Lead nurturing is integral to a good marketing strategy.
Firms doing this correctly create 50% more sales-ready leads at a 33% lower cost.
As in any walk of life, trust is the bedrock of a strong relationship. Applied to brands, potential clients and customers need to feel comfortable with you and your team before they will step out and commit to a purchase or partnership.
That’s just the start and from there you’re swimming against the current. According to Gleanster, only a quarter of your leads are sales-ready, while half are “qualified but not ready to buy from you”.
It goes without saying that potential sales relationships require a great deal of nurturing, time and care.
This article will help you to decide which methods you need to employ and how to implement them to successfully nurture a business lead. Read on to find out about:
Nurturing leads across channels
Touch frequency points
Using CRM (customer relationship management) software, you can consolidate prospect information and documentation into one database so that your team members are always within reach of all contacts and followers across all the business platforms.
CRM software can help with recording dialogues with prospects and customers (tracking mail, phone calls and other digital interactions), while an array of automation tools can carry out repeatable tasks to facilitate workflow and free up team members’ workloads. The software also enables managers to stay on top of team performance and productivity.
Goal-setting can facilitate lead conversions, while the close recording of metrics will ensure each member of the team remains accountable for their workload.
Metrics are also available to monitor quality. A visit-to-lead percentage will gauge how effective your marketing team has been with its calls-to-action and special offers. This measure can help identify and iron out wrinkles in your marketing plan, while offering an assessment of the quality your content.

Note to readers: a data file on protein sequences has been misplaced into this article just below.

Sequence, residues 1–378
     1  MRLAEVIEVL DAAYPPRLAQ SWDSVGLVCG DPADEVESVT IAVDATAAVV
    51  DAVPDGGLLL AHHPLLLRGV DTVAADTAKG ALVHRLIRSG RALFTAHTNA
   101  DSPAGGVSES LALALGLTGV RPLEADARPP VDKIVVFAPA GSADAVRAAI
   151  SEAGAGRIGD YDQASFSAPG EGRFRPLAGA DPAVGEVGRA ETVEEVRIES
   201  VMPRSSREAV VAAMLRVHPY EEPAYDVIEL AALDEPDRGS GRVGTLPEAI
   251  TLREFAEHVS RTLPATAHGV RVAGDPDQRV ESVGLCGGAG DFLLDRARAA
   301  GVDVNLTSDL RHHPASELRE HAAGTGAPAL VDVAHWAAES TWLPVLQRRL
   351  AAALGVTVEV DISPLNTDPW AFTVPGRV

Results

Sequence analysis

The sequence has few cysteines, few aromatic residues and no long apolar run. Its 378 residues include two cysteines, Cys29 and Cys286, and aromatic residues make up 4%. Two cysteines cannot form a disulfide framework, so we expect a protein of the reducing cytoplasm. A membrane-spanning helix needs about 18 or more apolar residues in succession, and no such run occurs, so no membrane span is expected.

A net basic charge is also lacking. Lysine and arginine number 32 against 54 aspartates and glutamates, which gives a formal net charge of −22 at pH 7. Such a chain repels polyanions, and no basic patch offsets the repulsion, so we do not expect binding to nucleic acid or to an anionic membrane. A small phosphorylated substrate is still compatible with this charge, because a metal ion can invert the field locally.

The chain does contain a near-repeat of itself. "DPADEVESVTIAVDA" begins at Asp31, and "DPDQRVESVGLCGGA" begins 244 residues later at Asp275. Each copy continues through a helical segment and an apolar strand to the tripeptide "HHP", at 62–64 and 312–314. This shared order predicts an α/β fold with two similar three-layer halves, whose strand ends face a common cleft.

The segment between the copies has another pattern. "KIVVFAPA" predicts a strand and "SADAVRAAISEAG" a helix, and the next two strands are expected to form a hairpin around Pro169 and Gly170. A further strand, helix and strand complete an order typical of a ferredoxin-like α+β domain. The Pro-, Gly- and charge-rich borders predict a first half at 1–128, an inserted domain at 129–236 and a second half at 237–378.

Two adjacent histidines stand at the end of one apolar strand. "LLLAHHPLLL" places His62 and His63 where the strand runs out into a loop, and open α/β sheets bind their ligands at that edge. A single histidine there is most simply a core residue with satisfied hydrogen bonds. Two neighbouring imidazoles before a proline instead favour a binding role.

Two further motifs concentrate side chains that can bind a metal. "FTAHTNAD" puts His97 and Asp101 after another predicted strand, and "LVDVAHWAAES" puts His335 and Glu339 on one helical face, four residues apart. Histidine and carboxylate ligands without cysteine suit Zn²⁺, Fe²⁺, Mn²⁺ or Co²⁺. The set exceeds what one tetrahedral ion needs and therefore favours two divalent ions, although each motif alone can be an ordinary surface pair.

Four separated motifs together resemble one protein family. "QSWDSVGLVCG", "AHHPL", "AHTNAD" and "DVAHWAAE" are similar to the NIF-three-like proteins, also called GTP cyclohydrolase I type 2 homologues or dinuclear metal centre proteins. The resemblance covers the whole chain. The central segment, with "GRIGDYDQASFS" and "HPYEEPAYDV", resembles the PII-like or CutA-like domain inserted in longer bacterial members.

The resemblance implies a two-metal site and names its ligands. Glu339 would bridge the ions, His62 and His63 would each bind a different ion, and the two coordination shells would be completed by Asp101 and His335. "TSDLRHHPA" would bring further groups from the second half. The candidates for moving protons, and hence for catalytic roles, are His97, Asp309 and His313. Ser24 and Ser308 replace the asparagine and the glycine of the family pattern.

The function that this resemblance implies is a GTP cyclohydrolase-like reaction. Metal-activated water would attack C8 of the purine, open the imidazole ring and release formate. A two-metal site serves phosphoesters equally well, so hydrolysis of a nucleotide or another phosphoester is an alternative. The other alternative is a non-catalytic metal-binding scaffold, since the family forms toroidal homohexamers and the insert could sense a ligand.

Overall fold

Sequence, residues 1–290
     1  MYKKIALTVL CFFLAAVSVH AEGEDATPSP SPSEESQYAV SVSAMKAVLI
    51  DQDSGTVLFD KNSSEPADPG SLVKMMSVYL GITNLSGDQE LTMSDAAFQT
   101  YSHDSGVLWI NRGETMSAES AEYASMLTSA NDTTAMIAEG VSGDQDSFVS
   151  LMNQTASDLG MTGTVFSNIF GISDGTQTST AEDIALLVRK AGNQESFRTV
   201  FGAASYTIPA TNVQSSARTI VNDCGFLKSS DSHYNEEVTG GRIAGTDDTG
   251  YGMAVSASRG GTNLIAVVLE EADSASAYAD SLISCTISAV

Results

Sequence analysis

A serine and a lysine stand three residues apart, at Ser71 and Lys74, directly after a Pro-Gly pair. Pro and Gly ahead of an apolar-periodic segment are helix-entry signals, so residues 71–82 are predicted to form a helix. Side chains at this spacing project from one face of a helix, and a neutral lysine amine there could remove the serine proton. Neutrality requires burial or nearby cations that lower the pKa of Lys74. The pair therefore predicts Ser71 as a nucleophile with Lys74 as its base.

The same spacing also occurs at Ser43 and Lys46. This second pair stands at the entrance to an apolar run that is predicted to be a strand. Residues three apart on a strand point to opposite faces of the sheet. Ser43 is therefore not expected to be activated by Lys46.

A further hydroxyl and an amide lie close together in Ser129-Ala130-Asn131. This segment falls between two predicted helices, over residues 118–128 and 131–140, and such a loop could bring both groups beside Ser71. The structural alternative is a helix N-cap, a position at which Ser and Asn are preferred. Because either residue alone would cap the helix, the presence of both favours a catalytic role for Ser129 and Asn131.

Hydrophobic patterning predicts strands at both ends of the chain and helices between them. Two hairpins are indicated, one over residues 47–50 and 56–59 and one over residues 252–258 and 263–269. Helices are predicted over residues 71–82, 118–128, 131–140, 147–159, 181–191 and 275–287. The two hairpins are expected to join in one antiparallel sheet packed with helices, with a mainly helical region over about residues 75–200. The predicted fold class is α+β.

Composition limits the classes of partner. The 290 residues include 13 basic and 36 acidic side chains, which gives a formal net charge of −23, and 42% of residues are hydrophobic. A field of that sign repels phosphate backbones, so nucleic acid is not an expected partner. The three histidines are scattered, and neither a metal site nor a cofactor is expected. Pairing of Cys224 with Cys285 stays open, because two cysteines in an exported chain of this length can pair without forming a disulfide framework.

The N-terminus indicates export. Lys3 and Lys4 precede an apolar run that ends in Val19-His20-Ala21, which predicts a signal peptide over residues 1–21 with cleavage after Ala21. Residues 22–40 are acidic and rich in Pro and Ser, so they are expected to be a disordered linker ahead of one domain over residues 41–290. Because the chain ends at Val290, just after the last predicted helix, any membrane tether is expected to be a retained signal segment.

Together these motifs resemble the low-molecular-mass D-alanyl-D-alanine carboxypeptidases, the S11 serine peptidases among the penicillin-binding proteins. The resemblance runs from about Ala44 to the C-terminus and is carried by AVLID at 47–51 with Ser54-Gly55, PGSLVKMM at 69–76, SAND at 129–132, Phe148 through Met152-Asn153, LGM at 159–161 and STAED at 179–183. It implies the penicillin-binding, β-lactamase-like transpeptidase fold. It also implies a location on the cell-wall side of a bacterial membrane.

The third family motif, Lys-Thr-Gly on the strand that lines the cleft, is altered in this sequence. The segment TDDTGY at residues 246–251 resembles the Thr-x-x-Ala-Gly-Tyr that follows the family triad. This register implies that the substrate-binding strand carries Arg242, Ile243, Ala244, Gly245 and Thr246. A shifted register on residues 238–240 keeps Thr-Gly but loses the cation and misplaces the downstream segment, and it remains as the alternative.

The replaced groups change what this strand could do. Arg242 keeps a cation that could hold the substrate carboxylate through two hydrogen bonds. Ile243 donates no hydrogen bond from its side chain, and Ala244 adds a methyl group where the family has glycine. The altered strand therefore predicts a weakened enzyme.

A revenue pipeline forecasts the values of leads, and will help align marketing to sales quotas to ensure teams are collaboratively working towards a common goal.
Dump-emailing prospects with reams of ill-thought out information will have potential clients running in the opposite direction. Email is great for nurturing leads, but you have to take care in your approach. Consider the following factors before you start placing your brand in the inboxes of your valuable leads.
Email format: According to a 2014 survey of over a thousand professionals, 64% of marketers said they preferred HTML over text-based emails. HTML emails are results-trackable and accommodate colours and graphics. On the other hand, some clients are unable to receive HTMLs, meaning your message may lose impact, making you appear unprofessional. Furthermore, while people may say they prefer HTML, the inclusion of images actually reduces click-through rate.
Plain text emails feel more personalised, giving full control over what is seen. However, they do not allow for graphics, colours or tracking results. Most email marketing services will allow you to make plain text versions of emails, so a mixture of both formats is possible.
Drip-feed campaigns: These build the prospect relationship over time with emails that lead or build to the same message while offering insight and valuable information that is unique to each post. Often these are best employed as a series of emails that develop your brand’s promotions over time.